Human Services seeks recovery home providers
The North Dakota Department of Human Services’ Behavioral Health Division is seeking recovery home providers to participate in a new recovery housing program that aims to support individuals who want to begin or sustain their recovery from substance use disorder in a safe and stable living environment. This housing is temporary and is meant to give individuals the resources they need to achieve long-term recovery once they transition to independent living.
“Access to safe and supportive housing is essential for individuals navigating their recovery journey,” said division director Pamela Sagness.
Sagness said the division is focused now on partnering with recovery home providers in both rural and urban areas of North Dakota to build a robust program that increases access to supportive living opportunities for people in recovery.
To qualify as an eligible provider, interested recovery homes will sign a provider agreement and provide evidence-based best practices in recovery housing support as outlined in the agreement. Approved providers will be reimbursed directly for up to 12 weeks of rent for each eligible individual approved to participate in the program.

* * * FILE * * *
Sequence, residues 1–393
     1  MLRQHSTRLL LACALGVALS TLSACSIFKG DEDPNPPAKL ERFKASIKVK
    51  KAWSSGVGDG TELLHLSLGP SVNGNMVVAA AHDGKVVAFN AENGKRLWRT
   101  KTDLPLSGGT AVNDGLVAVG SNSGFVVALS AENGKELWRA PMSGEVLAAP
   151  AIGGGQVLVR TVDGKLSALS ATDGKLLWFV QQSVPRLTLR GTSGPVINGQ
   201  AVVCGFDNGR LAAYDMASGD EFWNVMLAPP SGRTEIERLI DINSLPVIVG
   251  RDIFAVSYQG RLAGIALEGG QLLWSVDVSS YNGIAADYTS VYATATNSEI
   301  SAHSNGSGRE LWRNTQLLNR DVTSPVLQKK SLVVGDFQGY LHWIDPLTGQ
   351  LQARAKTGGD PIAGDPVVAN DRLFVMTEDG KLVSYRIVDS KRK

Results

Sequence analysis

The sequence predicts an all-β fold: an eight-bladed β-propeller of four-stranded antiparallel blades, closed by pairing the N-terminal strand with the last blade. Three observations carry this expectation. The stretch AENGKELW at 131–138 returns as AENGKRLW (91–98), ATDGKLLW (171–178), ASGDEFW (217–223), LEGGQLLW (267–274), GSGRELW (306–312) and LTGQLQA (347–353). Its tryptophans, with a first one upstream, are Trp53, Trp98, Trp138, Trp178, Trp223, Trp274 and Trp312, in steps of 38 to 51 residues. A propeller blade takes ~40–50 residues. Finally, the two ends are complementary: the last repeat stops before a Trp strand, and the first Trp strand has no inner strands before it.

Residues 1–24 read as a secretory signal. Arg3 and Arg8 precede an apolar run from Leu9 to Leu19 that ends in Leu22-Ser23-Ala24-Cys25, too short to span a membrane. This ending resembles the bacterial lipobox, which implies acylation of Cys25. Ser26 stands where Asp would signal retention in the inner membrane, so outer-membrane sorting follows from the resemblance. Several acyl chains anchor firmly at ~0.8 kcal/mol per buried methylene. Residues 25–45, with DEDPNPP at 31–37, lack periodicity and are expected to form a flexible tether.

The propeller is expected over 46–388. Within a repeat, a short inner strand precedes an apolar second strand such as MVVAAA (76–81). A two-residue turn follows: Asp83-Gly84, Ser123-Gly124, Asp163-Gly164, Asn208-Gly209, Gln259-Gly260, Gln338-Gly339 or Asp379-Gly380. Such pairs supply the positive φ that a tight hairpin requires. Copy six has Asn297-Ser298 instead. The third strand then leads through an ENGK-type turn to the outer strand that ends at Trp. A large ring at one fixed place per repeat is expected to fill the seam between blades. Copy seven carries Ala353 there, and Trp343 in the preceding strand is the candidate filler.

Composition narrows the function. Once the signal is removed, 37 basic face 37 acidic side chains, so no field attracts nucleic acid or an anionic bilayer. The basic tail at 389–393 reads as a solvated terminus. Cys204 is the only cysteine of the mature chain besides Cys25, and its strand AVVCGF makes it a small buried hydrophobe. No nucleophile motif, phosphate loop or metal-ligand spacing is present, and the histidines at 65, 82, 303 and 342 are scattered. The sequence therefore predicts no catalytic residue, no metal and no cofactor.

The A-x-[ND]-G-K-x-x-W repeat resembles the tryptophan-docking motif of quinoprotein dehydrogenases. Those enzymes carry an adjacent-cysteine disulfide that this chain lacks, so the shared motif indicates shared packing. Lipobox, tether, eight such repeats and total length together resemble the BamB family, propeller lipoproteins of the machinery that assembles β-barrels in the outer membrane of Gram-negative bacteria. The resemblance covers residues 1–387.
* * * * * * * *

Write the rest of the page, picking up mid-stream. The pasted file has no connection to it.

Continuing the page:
The 67th Legislative Assembly supported recovery housing funding in the department’s budget.
Commenting on this investment, Senate Majority Leader Rich Wardner said, “When individuals complete a treatment program for addiction, they often seek to live in an environment that supports a lifestyle that does not include addictive substances. Recovery housing maximizes the impact of resources invested in treatment or other services.”
For details on becoming a participating recovery home provider, visit www.behavioralhealth.nd.gov/recovery-housing or contact the division at 701-328-8920, toll-free 800-755-2719, 711 (TTY) or RecoveryHousing@nd.gov.
The new recovery housing program is part of an effort to enhance the state’s behavioral health system. It supports recommendations included in a North Dakota Behavioral Health Study to invest in
evidence-based, culturally responsive supportive housing in rural areas. Recovery is a process of change through which individuals improve their health and wellness, live self-directed lives, and strive to reach their full potential.